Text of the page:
It seems the people living in the ancient city of Pompeii in Italy dined well, as the residents’ diet included, among other exotic breeds, giraffe legs. They also partook of exotic flamingo meat and sea urchins, and they didn’t even need to be rich to dine this way.
The ruins of Pompeii, buried by the volcanic emissions of Mount Vesuvius many years ago, have been a fascination for archaeologists and many other people for decades, but research is finding out more about the ancient city every day.
A brand new excavation in the volcano-struck city has revealed a lot more recently, as it gave a view on to the rather unusual and unexpected dietary choices of the Romans who lived there.
The excavation was run by Steven Ellis of the University of Cincinnati and he presented their findings on Sunday at a conference of the Archaeological Institute of America in Chicago.
The research has taken around 10 years, spent analyzing 20 plots in Pompeii, which are believed to have originally been shops and restaurants in the city.
The buildings in the area of the city concerned are believed to date back to the 6th century B.C.
The researchers examined at length the charred and mineralized remains of food which they found in the toilets and drains of that part of the city to make their surprising discovery.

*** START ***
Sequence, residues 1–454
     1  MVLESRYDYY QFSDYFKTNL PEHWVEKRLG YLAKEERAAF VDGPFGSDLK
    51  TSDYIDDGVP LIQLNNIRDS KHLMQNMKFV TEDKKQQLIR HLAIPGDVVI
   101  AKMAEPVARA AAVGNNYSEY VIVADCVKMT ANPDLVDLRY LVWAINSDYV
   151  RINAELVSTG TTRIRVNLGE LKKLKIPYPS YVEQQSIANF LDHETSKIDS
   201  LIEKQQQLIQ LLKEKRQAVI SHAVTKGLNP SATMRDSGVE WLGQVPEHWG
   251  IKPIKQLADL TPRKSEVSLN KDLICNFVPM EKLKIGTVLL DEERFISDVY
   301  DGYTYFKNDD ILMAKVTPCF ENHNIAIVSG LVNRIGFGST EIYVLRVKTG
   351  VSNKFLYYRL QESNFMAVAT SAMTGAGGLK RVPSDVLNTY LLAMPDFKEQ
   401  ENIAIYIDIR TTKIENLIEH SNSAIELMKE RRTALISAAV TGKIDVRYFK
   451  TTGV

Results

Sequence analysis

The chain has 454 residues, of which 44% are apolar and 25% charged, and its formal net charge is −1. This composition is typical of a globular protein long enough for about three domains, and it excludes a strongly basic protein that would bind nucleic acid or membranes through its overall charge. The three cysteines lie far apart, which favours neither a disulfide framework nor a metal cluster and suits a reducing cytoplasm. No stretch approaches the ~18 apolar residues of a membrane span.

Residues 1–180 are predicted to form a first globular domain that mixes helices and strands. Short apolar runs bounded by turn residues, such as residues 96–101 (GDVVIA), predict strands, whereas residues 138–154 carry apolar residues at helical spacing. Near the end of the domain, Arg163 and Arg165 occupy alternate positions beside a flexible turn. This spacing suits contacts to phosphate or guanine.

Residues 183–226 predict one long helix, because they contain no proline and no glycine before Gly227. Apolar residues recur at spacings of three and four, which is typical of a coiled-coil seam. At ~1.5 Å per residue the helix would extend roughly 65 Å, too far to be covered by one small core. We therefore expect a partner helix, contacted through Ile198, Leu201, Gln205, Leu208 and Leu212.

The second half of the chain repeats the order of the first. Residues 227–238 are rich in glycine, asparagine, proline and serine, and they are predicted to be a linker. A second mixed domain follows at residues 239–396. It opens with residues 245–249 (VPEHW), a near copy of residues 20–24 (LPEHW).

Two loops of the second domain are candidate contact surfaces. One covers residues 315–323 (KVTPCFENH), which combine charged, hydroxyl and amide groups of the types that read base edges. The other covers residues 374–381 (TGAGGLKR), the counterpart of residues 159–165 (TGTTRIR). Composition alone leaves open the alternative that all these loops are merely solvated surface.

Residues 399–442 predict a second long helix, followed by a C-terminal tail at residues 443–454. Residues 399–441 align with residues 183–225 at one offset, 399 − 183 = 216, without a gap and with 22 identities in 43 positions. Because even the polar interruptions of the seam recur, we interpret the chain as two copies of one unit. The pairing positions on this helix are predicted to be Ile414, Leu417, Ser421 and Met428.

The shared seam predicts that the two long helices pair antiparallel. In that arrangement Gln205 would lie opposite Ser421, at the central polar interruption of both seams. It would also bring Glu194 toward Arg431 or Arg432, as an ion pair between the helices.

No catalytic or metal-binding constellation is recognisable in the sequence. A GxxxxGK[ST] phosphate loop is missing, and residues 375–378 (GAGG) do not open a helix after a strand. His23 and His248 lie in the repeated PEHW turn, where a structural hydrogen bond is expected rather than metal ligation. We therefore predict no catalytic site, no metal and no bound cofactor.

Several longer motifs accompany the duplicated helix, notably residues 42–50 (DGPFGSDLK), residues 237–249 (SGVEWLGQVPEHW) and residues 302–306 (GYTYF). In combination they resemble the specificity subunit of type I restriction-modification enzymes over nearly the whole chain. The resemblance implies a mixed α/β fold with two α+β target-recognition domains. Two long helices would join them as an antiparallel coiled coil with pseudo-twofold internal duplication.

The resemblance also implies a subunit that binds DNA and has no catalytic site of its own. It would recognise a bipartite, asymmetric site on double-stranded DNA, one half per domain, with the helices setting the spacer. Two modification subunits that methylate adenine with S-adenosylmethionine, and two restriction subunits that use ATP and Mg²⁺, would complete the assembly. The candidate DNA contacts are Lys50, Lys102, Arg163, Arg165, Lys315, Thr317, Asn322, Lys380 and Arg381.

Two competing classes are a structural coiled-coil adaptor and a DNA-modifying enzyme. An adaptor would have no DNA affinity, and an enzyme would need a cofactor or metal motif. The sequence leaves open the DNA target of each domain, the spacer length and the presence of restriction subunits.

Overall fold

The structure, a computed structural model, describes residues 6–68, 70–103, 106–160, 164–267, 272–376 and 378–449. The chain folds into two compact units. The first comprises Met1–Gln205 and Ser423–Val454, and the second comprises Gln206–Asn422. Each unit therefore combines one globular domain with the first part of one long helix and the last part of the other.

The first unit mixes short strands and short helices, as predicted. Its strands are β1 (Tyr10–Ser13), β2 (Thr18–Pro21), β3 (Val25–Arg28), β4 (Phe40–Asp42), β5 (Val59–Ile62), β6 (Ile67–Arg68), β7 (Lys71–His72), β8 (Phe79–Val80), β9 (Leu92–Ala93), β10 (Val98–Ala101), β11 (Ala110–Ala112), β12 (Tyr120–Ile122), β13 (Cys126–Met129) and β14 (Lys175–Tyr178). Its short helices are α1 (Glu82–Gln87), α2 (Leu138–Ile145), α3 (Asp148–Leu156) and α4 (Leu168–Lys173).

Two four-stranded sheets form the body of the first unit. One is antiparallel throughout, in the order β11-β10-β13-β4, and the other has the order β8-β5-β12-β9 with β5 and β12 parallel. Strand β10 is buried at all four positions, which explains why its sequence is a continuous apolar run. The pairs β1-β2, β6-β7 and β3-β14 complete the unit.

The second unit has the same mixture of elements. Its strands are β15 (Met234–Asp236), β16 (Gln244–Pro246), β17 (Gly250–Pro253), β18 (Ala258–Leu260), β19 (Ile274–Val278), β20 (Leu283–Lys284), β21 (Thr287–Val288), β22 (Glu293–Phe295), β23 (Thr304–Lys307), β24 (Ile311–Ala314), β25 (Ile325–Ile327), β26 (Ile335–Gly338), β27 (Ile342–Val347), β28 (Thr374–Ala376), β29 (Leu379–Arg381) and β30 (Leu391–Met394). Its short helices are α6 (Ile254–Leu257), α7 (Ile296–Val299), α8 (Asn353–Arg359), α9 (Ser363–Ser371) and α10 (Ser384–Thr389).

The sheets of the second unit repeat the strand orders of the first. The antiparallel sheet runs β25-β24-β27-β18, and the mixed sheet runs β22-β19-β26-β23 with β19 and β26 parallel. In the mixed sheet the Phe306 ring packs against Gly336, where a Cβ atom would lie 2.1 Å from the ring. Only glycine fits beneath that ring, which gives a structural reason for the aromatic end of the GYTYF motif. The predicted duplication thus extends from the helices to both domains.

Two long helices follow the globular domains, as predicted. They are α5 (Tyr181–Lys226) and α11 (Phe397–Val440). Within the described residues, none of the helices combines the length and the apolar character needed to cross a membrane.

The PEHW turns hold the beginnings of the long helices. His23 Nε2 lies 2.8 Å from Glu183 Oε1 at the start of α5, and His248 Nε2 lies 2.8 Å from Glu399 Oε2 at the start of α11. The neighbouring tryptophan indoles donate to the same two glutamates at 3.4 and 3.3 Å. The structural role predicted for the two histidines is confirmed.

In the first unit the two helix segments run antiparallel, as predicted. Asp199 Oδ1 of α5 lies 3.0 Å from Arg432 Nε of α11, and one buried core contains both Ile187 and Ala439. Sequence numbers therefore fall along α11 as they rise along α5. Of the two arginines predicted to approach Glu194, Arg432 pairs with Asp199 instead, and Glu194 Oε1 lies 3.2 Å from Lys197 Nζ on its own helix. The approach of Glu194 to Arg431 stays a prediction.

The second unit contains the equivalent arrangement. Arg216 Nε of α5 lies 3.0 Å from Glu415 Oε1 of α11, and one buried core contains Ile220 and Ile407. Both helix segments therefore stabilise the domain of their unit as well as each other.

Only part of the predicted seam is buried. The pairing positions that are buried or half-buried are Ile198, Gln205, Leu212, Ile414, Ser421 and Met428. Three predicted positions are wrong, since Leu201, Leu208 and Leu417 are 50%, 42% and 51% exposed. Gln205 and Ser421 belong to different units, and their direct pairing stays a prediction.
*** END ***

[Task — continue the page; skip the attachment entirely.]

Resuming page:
It wasn’t all fancy food like giraffe, of course, as they did find the remains of normal fish, fruits, olives and nuts in the residue too. However, it was surprising to them to find the more exotic fare, as the street they were excavating was populated not by the elite of Pompeii, but by the less entitled crowd, the “99 percent” if compared to today’s society.
Ellis said in a statement at the conference that the traditional view of “hapless lemmings” scrounging for scraps or begging for a bowl of gruel needs to be changed as the everyday residents of Pompeii definitely enjoyed a higher standard of living than expected.
The surprising find of the giraffe bone indicated that the residential area had access to imported food, and imported from very far away.
Ellis said of the remains that the fact that a butchered leg of a giraffe came to be an ordinary kitchen scrap in what appears to be a very standard Pompeian restaurant, speaks of long-distance trade in both wild and exotic creatures, and reveals the richness and variety of the non-elite diet of the city.
The ancient city of Pompeii is said to have been buried in volcanic ash from Mount Vesuvius in around 79 A.D. At the time the city was thought to have around 20,000 residents. The well preserved remains of many buildings have been found including an advanced water supply system, a sea port, gymnasium and sports amphitheater. The area also revealed great Roman villas and the traditional Roman bathhouses.
According to the history of Pompeii, when the volcano erupted, covering the city in volcanic ash, many hundreds of residents died in their homes and the streets of the city, while the balance ran towards the sea for safety.
As archaeologists continue their research on Pompeii more details are sure to come to light, but the findings that the diet of the everyday residents included exotic giraffe and other breeds is a new and fascinating insight into this ancient world.
By Anne Sewell